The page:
With 5 Cr People Dependent On Event Industry, The Government Needs To Hear Us Now

The industry needs to get the status of an organised sector and continue to engage with the officials in a much more unified way.


Continuing to engage with the government as a unified voice has been the foremost concern of industry bodies and leaders during the past whole year of the pandemic. Same has been the case with the event industry which is trying to get the due recognition that it deserves to stay afloat in these dire times.

The events and entertainment industry comes under 8 different ministries of the government and it is time now that the industry gets access to a coordinating committee at the secretary level, where twice or 4 times a year, industry associations like EEMA & FICCI can represent their members and their needs to the government. The industry needs to get the status of an organised sector and continue to engage with the officials in a much more unified way.

The industry leaders believe that for every million dollars of investment in the events sector, it can create 99 to 113 jobs which is evidently more than the manufacturing or any other sector in the country. The industry looks after a massive 400 million people getting primary or secondary income from this larger sector and for as many as 75 years there has been absolutely no mapping of how many people are actually engaged with the industry.  

There is still room for a lot of dialogue exchange with the government. As an unorganized sector the events industry has a considerable impact on the GDP of the country and the government should not take the risk of ignoring it.  

Here is what industry leaders have to say about how the government has been reacting to their expectations and the way ahead for the industry:

Sanjoy K Roy, Managing Director, Teamwork Arts

I attend at least one meeting a week with a state government or a senior bureaucrat and with the central government. But do they listen? No, they don’t. When it comes to political events or their family weddings, they certainly look to us and they will break the laws to ensure that it can happen. But they do not take us seriously or look at us as creating jobs.

Today, there are 8 different ministries at the central government level that look after the events and entertainment. I think we are the step children as we do not come under the purview of any ministry, there is no relief given to us. The Chief Ministers of Uttarakhand and Assam are saying that there is no Covid here, you can come to our states and yet we are told that events can’t be held, funerals can’t be done but political rallies can continue. And the fact is that this industry in India alone is worth 50 thousand crores is of no value to any government.

Siddhartha Chaturvedi, CEO, Event Crafter & General Secretary, EEMA

The events industry has been completely ignored. Right now, we really need to do something collectively and be heard even louder.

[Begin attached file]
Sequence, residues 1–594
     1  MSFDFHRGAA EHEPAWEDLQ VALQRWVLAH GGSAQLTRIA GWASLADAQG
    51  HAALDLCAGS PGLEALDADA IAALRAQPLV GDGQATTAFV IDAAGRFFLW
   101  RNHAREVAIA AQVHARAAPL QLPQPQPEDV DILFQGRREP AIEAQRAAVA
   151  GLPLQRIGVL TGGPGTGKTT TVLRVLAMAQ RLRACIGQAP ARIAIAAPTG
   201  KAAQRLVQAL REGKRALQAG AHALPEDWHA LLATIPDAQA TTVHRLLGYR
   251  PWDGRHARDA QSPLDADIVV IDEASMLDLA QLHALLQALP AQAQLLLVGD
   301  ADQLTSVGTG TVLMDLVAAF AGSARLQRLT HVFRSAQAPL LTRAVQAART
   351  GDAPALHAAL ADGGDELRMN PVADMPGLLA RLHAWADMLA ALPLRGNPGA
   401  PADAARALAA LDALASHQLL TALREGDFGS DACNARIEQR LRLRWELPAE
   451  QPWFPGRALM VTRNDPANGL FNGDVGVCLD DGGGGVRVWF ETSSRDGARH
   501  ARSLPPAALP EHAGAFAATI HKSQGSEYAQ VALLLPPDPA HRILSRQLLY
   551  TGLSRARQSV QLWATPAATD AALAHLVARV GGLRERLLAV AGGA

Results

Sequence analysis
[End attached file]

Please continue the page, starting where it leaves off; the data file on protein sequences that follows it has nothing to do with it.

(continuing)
We approached the Finance Minister right before the budget. There are multiple things that we had asked for. There should be subsidized employment of 50% of employees- the salaries should be given by the government; we need the deferment of statutory liabilities for a period of 12 months; provide the industry with  a refund of 3 years of the GST we have paid; at least 24 months of moratorium to be given on all principles and interest payments on loans; immediate processing of term and working capital loans for us to be able to run; special grant for EEMA to upskill the members and their employees to venture into digital/virtual events. We have asked for a lot but we have not received anything.

 Aarti Mattoo, Managing Director, Momentum Events & Vice President (West), EEMA

We initiated creating the SOPs for the industry, thinking that we do not want to over-burden the government. We have been very proactive but I don’t think that we have got our due. It is not just about the event agency owners but also about the 5 crore people who are attached to the industry and whose survival depends on this. Be it a labourer or a contractor, a fabricator or a florist to people who actually get the industry going.

It is not just us but the government also needs us all the time. For their political rallies, events, reaching out to audiences and vote banks. We need us to be heard and there is a need for action now, we are asking for a fundamental right to be able to do our business.

Sushma Gaikwad, Co-Founder, ICE Global & Director, Wizcraft MIME 

There are different political scenarios with changes in the government and the baton is handed from one government to another. The conversation and the sensitisation have to happen again, which is quite an uphill task. The seat at the table is not enough for a follow through. The follow through is required to be seen in policies, action points and partnerships which right now seems to be a big gap.

Industry status is absolutely important for us to be heard. Because today we have no home or no ministry that is looking into us and actually taking cognizance of what we do. I think we are not crying loud enough or screaming to be heard by the government.



(Excerpts from a panel discussion held at the 4th edition of BW Applause Experiential Marketing Summit 2021)

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